A Philippine court convicted 14 Muslim militants Thursday of abducting a U.S. missionary couple and 18 others in a 2001 kidnapping spree that left two Americans dead and prompted Washington to start training Filipino troops.
Most of the top leaders of the al-Qaida-linked Abu Sayyaf group, which orchestrated the abductions at a resort island, have been killed in clashes since the trial opened in 2003. Philippine officials have credited the U.S. counterterrorism training that started in 2002 for many of the battlefield successes.
Out of 85 suspects originally charged with kidnapping, 23 were captured and tried, and 18 appeared in court.
Fourteen were sentenced Thursday to life in prison and four were acquitted. Four others were killed in a botched prison break in 2005, and one has been cleared of charges.
Among those acquitted was was the only woman in the group, Satra Tilao, the disabled sister of rebel leader Abu Sabaya who was killed by troops after the abductions.
"I'm so happy. Thanks to Allah! I'm taking my daughter home," said her mother, Isnaria Kuranding. "She was never a terrorist. How can she be, she's a cripple."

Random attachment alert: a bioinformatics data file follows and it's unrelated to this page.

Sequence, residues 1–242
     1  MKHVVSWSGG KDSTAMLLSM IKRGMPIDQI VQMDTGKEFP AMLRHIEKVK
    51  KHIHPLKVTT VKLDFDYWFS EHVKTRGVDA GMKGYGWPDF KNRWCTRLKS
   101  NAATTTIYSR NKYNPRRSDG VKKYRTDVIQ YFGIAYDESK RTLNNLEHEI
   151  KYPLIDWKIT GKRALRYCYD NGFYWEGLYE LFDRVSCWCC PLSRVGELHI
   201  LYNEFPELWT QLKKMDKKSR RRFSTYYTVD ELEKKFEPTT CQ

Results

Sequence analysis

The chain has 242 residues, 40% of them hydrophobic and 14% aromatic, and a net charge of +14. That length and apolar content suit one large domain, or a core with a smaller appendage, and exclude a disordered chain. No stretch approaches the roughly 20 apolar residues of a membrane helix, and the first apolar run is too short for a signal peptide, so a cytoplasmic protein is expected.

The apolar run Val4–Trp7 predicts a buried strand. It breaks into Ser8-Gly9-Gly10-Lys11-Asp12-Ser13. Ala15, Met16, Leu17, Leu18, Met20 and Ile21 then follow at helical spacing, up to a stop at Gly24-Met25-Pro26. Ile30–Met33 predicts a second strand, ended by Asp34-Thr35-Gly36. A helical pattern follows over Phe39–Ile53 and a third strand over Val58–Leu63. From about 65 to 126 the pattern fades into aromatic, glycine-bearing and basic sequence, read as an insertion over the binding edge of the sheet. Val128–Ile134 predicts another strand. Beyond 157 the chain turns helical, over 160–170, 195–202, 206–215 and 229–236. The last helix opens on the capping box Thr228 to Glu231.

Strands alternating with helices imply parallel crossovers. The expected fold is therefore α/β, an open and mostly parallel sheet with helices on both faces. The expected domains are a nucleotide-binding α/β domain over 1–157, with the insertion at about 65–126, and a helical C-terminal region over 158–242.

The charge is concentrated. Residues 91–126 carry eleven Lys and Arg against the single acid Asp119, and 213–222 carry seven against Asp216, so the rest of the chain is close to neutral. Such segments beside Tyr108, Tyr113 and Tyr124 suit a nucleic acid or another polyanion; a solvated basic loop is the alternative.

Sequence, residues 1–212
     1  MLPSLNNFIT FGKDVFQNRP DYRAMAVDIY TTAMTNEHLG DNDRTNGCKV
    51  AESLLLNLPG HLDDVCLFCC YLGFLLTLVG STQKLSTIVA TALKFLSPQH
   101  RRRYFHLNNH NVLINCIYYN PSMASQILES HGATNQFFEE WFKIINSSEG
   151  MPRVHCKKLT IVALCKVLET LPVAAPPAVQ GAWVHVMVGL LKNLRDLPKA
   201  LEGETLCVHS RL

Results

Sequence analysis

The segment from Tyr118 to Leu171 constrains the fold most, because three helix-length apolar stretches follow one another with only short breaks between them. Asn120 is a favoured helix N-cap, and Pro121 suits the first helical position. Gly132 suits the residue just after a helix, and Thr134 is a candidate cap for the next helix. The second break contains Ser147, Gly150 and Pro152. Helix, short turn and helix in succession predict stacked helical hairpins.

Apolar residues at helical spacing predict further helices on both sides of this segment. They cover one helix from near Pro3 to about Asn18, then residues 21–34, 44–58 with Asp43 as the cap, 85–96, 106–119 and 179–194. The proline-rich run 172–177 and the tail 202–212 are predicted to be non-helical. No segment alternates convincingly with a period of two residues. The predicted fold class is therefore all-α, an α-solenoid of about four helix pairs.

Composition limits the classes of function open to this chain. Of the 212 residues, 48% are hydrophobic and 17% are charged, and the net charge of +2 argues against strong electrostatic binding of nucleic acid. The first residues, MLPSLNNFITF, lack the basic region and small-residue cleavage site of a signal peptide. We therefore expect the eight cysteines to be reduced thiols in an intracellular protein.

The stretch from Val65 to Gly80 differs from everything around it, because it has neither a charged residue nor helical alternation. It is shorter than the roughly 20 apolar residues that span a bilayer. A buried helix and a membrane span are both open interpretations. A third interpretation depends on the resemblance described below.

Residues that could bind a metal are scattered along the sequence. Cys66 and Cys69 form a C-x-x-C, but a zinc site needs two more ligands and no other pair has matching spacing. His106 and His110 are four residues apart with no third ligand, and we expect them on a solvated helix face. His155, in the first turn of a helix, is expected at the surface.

Americans Gracia and Martin Burnhams, missionaries for the Florida-based New Tribes Mission, were celebrating their 18th wedding anniversary when they were snatched by the Abu Sayyaf at the upscale Dos Palmas resort on Palawan island on May 27, 2001, and taken by speedboat to southern Basilan island.
Fellow American Guillermo Sobero and 17 Filipinos also were kidnapped. Sobero, from Corona, California, was among several hostages beheaded by the rebels. Martin Burnham and a Filipino nurse were killed during a military rescue raid on June 7, 2002.
The other hostages were released or managed to escape.
Burnham, from Wichita, Kansas, returned to the Philippines in 2004 to testify against her captors. She told the court she learned from Abu Sabaya that the rebels received a ransom from an unknown source, but that the guerrillas still refused to free her and her husband.
Burnham recounted her ordeal in a book, "In the Presence of My Enemies," which aroused controversy in the Philippines because of her allegations that an unnamed Filipino general tried to get half of a possible ransom for the hostages and that soldiers delivered food and sold weapons to the guerrillas.
A year after the resort raid, the U.S. military began sending troops and instructors to train Filipino soldiers in counterterrorism.
U.S.-backed offensives had dislodged the guerrillas from their bases on Basilan, but they have remained a major threat and continued to regroup. Officials estimate their number is down to about 300 guerrillas from about 1,000 in 2001.
The overall leader, Khadaffy Janjalani, was killed last September in fighting on southern Jolo island. His presumed successor, Abu Sulaiman, was shot dead in a separate clash earlier this year.